Can „backbone“ continue even though parallel branch is active?

We have 6 hierarchical layers of process models, with 1 master process, 4 phases, 25 sub-phases, 150 Scenarios, 350 Processes and some 1200 Steps, all modeled as one giant flow with the help of call activities. Only the steps do perform some real task, the higher levels are just structural entities.
The idea is to have a so-called „backbone“, where those Steps are located, which, when failing, pause the entire flow and wait for manual intervention. At the same time, we do have uncritical Steps, which we want to model as so-called „branches“ (parallel execution), which, when failing, just pause the respective branch and wait for manual intervention, while the „backbone" keeps running. Both, backbone and branches have their own end events. The problem seems to be how to proceed to the next backbone call activity, as long as not all branches are completed. But this would exactly be the desired behavior, i.e. even when a branch remains active, say in the phase level, the backbone should continue down the line with the next phases or sub-phases etc. The uncritical error in the phase branch shall not prevent the backbone from continuing.
We tried with several gateways, throwing and catching events, signal events etc., but we were not able to „convince“ the backbone to continue while a branch is still active (= end the process and proceed to next call activity). Is it, that a process can never end before all branches (parallel executions) are completed, which somehow would make sense? But how can we overcome this dilemma? What could be a suitable approach for us?
Regards and thanks,

Hi Joachim.

If you can reduce the complexity your use case will be more understandable. Currently my understanding is that you need to start a new process instance while another process instance is still in progress.
I would use CMMN models together with processes in that case.


Hi Martin,

I have tried to paint something simpler to explain the question. While the Branch 1 in Call Activity 1 is still active due to some error and say a manual intervention (user task), the backbone keeps going forward and Call Activity 2 (Process 2, typo in screenshot) is triggered, and so on. In our scenario, only errors in the backbone would lead to a full stop of the process flow, any error in any branch should not.

From my point of 10.000ft view, I would suggest to use CMMN model with sentries between stages.


Hi Martin,
thank you so much for your suggestion. Not having worked with CMMN so far, this is completely new for me, but I will have a look at it.
In the meanwhile I had my Archimedes/Newton moment in the night and tried with signals, see:

Of course this model is just to show, it won’t work. But I tested it with a real process and from my perspective it worked. The branch was triggered and the “Intermediate Signal Throwing Event” got completed, hence the overall process instance got completed and it triggered the following Call Activity. We need to test whether our UI can digest this and still display the Child in the proper sequence, or whether it will lose the context.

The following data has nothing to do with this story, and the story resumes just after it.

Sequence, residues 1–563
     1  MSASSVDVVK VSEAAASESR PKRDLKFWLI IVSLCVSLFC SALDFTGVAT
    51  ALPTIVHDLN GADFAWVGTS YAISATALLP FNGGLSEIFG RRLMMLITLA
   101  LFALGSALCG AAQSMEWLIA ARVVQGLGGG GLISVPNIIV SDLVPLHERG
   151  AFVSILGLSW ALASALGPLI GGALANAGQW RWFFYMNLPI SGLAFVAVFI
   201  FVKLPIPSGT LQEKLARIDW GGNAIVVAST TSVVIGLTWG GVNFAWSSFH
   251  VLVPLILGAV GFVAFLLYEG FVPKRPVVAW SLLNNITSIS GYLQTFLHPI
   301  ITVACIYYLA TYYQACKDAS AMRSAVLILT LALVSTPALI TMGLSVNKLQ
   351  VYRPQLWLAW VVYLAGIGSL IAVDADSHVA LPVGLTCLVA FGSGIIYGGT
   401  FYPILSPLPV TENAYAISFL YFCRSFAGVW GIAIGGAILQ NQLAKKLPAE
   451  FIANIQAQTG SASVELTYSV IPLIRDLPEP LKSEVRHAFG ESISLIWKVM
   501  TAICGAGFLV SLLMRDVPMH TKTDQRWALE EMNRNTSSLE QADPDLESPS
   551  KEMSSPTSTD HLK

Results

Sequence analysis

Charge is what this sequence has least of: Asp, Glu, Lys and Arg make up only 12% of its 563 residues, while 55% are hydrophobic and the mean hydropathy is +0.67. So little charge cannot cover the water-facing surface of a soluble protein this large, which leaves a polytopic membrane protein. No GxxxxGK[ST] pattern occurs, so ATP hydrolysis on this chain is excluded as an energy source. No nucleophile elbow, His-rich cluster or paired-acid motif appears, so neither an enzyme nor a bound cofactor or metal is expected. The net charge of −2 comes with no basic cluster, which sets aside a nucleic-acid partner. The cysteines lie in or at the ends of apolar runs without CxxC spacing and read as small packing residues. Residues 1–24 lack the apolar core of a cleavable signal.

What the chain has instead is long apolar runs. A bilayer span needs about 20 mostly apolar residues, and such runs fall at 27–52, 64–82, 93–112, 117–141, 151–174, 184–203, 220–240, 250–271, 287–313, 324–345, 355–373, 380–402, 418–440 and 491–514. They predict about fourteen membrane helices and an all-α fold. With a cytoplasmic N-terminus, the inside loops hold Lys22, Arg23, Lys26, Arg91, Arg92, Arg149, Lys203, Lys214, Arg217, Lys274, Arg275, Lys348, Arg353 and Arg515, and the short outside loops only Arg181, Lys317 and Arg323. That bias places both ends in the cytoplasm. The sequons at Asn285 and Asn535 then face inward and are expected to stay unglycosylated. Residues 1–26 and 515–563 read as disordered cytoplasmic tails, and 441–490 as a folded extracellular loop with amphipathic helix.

Indeed, a pattern with signals would work for this kind of use case. You’d need quite some bookkeeping for the signals of course. Another angle to investigate is the new event registry, with typed events.

CMMN would be worth to have a look at. Your use case of providing context for the different processes and starting/stopping them depending on events coming in fits your use case nicely. Reading your description above, it looks like you have different ‘stages’ in the whole execution and need somehow to keep context between all the different processes.

Hi Martin and Joram,

I had a look at CMMN, but from what I understood this is far too “anarchistic” for us. We do really have a very clear process with a defined flow, it is just that some activities - when failing - shall cause the whole flow to completely stop (backbone) and others can be fixed later in the event of a failure and shall not stop the whole flow (branch).
I have tried to include a CMMN model into our BPMN model, but I could not find a way how to do this, although documentation suggest that it is possible. But it doesn’t tell how.
Because of the clear nature of your process flow I did not want to switch to CMMN models as such, and then integrate BPMN models as process task. However, if you tell me that this will solve our problem, I am going to try it out.

The signalling approach actually worked as such and, initially feeling like Archimedes and Newton altogether, I was brought back to earth quite rapidly! The triggered process loses it’s connection to the parent and is started as a new root process. Our UI cannot digest this, and even in Flowable I lost the triggered child from the process/task overview, I think because the initiator was not passed somehow and the task was not assigned to anybody. The book keeping of the signals would not be an issue, we have clear naming conventions and would call them like the called child with a prefix.

Regarding the event registry, I had a look and asked a techie to investigate further. I had the impression that here also the parent would get lost and a new root process would be started, let’s see.

Further investigating, not yet ready to bury the backbone/branch idea…


Hi Joachim.

Yes, that’s exactly as it works (Case could provide you a container to wrap all entities together)